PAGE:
Magazine article Sunset

Architects at Play

Magazine article Sunset

Architects at Play

Article excerpt

Design pros take kid stuff seriously when it's in their own backyards

It's one thing for architects to relate to client's; it's quite another to be related to them. When you've got to face your clients at the breakfast table every morning and tuck them into bed at night, you'd better be sure that they'r satisfied with your work.

The design professionals represented on these pages can rest assured. In creating these backyard playhouses for their children or grandchildren, they've responded admirably to the needs and desires of their clients as well as to the limitations imposed by the structures' sites. But most important, they have answered the basic playhouse question--"Are we having fun yet?"--with a resounding "Yeah!"

Mr. Jordan builds a playhouse

Slice a square in half diagonally and you'll get the floor plan for the playhouse that Mel Jordan, Jr., designed and built for his children, Alexander and Lauren. The triangular plan made a lot of sense to Jordan, a designer-builder in Benicia, California. He knew it was the sturdiest shape tha could be built, and it backed neatly into a corner of his slender backyard.

The 12-foot-high structure rises from a triangular sandbox on 6-by-6 posts tied to concrete footings. Two sets of 2-by-10s bolted to the posts make reinforcing rim joists that support the floor and the roof. The floor is more than 7 feet above the sand, leaving ample headroom below and even some shade for hot summer days.

The Island, as Jordan dubbed the playhouse, is built to last. It has 2-by-6 decking for its floor, a plywood and asphalt roof complete with flashing and a skylight, and walls made from alternating 2-by-4s and 2-by-6s screwed to the ri joists. And there's no roughing it here: the 4-foot-tall interior is comfortabl carpeted for sleeping bag camp-outs and is equipped with an electrical outlet, inside and outside lighting, a phone line, and a cable TV line.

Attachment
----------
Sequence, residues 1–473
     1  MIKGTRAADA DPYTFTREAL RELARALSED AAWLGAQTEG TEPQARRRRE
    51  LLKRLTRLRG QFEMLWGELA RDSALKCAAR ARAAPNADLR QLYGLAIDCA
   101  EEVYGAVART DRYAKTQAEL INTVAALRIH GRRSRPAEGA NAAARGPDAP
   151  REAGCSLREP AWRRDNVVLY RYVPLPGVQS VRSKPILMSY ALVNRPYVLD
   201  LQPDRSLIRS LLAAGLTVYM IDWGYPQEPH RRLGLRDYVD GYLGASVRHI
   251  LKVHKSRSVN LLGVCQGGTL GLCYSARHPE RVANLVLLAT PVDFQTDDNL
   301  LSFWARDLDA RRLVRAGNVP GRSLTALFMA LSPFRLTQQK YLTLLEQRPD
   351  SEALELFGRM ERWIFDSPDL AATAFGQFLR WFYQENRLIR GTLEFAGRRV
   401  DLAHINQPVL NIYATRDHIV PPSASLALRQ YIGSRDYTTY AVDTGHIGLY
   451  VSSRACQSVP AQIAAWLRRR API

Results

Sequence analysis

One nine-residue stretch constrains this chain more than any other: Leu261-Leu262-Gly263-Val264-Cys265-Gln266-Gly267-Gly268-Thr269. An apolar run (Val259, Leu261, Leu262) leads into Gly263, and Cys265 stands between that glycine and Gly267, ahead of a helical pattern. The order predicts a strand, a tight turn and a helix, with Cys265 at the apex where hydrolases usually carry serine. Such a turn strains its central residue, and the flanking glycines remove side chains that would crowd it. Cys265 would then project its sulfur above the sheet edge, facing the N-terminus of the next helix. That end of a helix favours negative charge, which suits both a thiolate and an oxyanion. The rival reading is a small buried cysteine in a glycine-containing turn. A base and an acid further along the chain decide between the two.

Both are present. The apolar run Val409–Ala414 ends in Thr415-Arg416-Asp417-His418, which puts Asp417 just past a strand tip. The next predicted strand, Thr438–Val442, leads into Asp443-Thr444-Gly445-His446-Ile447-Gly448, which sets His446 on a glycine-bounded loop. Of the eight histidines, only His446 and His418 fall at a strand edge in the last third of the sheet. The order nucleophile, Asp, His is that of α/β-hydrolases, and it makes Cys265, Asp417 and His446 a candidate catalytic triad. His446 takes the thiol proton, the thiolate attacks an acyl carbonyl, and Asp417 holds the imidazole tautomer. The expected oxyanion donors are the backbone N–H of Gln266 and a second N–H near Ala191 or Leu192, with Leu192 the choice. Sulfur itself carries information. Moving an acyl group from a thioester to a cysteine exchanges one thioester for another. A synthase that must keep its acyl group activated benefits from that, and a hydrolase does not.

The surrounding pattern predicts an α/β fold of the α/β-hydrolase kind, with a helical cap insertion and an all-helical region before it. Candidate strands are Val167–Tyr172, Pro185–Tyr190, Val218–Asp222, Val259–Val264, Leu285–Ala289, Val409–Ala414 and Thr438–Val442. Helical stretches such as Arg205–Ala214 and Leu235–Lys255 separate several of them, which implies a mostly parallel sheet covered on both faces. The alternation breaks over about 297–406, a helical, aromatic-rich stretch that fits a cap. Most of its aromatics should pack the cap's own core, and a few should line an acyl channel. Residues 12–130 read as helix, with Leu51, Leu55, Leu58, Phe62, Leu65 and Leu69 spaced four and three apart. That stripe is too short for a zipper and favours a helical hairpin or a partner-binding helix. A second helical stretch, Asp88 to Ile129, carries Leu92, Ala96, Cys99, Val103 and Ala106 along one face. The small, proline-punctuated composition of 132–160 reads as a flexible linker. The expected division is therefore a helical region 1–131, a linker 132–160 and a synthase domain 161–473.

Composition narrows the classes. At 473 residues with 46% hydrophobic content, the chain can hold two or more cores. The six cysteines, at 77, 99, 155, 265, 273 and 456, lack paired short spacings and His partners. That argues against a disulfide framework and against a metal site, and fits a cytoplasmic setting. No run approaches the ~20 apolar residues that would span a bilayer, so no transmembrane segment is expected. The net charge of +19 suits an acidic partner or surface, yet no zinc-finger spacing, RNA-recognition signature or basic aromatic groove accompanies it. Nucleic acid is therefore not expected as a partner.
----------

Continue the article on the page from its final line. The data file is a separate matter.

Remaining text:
Kids can climb up to and descend from the playhouse on a ladder that angles up to the front door, or on a knotted climbing rope that drops through a hatch doo in the floor. By closing the front door and a pair of shuttered side windows, children can get away from annoying adults and escape into a private world that's above it all and scaled just for them.

Prefab townhouse for toddlers

San Francisco architect George Mock had the luxury of being able to work the bugs out of his design before it was ever installed. He pieced together the modular unit in his own backyard, made modifications and adjustments, then brok it down and transported it to the home of his clients (grandsons Anthony and Gregory).

The fanciful playhouse uses salvaged skylights as both the major window and the roof canopy. "The bubble is the inner liner of a 30-inch skylight I found at a garage sale," said Mock. "I found the other one at a garage sale, too. It had a hairline crack in it, but it didn't matter." The small round windows in the sides of the window bay are Pyrex pie plates.

Bright blue 4-by-4 posts support the joists for the roof deck, the pipe railings, and the pipe supports for the canopy frame, as well as providing screwing surfaces for the modular wall sections, made of 1/2-inch plywood. Each module was held in place with a couple of drywall screws during the initial setup; additional screws secured them in the final installation.

Inside, foot-square peel-and-stick tiles cover the plywood floor. …

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